Over the past few days, American Airlines has been working on integrating its loyalty program with US Airways in an attempt to create a unified, consolidated program under the American umbrella.
This effort has been a long time coming as the airlines work towards completion of a full merger next month and it’s a critical step in customer integration.
As of this week, the integration should be mostly complete. US Airways’ frequent flyer should have been emailed a shiny new AAdvantage account number while their Dividend Miles account should fade away.
Earlier this year, the airlines sent a notification to link your mileage accounts and if you took the time to fill in that form, your US Airways miles should now successfully be in your American account, while the proper elite status should also be displayed.
If you didn’t link your US and AA accounts, the system may have already assigned you a new AAdvantage number for your orphaned Dividend Miles account. There will be an opportunity to merge multiple AAdvantage numbers down the road, but at the very least you should have an American account to allocate miles.
Elites Will Notice the Difference
For many frequent flyers the most noticeable difference will be during travel, with frequent flyers and elites seeing the biggest changes. Since the number of elites in the now-larger AAdvantage program ballooned over the weekend, there will be much more competition for upgrades and preferential treatment.
Upgrade priority will be the same regardless of whether the passenger came from American or US Airways or whether they’re flying on an American or US Airways plane.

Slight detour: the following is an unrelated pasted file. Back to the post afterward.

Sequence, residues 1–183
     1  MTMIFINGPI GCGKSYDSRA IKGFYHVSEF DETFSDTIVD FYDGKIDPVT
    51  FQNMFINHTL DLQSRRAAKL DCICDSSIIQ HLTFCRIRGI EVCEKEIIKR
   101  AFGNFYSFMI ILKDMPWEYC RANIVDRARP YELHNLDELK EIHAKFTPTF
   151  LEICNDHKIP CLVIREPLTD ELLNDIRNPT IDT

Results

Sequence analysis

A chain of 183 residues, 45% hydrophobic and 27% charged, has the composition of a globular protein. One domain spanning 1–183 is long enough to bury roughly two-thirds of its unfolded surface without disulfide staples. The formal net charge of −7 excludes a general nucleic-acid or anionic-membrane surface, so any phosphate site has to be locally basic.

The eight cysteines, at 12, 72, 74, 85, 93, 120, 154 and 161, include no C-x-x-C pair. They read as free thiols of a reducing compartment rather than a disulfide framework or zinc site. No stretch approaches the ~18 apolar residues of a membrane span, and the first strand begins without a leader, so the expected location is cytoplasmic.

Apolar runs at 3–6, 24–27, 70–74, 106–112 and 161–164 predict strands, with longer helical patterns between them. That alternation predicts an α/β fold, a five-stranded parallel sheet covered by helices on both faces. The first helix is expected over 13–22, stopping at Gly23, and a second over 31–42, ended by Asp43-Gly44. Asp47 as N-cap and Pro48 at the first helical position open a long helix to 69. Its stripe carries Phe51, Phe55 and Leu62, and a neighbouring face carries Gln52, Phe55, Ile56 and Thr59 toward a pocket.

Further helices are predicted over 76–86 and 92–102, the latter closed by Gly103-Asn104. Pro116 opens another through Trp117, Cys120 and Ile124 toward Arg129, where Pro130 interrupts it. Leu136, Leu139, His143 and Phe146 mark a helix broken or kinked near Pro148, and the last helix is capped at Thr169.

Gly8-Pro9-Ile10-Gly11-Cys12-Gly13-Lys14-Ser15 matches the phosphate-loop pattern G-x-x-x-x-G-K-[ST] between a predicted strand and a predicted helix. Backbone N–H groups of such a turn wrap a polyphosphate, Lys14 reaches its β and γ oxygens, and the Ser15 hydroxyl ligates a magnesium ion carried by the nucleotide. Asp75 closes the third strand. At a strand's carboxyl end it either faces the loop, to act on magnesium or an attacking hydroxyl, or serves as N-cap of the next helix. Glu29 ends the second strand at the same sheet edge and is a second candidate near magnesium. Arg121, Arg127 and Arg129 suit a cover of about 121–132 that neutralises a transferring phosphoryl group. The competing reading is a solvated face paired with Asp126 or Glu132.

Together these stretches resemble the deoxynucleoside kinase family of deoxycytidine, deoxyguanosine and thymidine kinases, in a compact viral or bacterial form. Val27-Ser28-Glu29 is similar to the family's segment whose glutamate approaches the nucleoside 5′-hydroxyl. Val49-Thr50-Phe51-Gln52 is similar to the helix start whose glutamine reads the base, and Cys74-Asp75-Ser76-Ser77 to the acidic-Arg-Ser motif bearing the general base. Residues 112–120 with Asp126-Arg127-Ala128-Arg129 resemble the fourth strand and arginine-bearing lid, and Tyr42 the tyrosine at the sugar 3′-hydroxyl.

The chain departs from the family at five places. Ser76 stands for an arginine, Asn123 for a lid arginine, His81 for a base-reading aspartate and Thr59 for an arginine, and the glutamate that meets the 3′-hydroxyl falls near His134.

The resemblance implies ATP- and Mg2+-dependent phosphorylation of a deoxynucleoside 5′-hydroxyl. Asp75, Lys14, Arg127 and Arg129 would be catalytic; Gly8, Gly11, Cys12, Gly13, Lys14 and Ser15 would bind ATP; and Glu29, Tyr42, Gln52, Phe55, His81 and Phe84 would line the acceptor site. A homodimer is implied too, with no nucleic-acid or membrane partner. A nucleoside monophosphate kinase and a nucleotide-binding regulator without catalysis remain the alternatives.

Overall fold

The upgrade mechanism for elites has also changed to largely reflect American’s legacy system. Top tier members will get complimentary upgrades on all domestic flights. Every other elite member will accrue upgrade “stickers” that can be used in 500-mile increments, although for flights under 500 miles, all upgrades will be complimentary for all elites.
At large, the integration gymnastics and the upgrade volume and mechanism are the two biggest changes that frequently flyers should see in the comping weeks.
Top tier members of American’s program prior to the merger may not notice much of a difference at all, short of a slightly longer upgrade list at the airport.
Lower tier members of the US Airways program who have to deal with new upgrades and a new frequent flyer number will have to cope with the most change.
For everyone else, the simple advice is to use your AAdvantage number for all-things-loyalty moving forward.
Soon, your Dividend Miles number will be forgotten.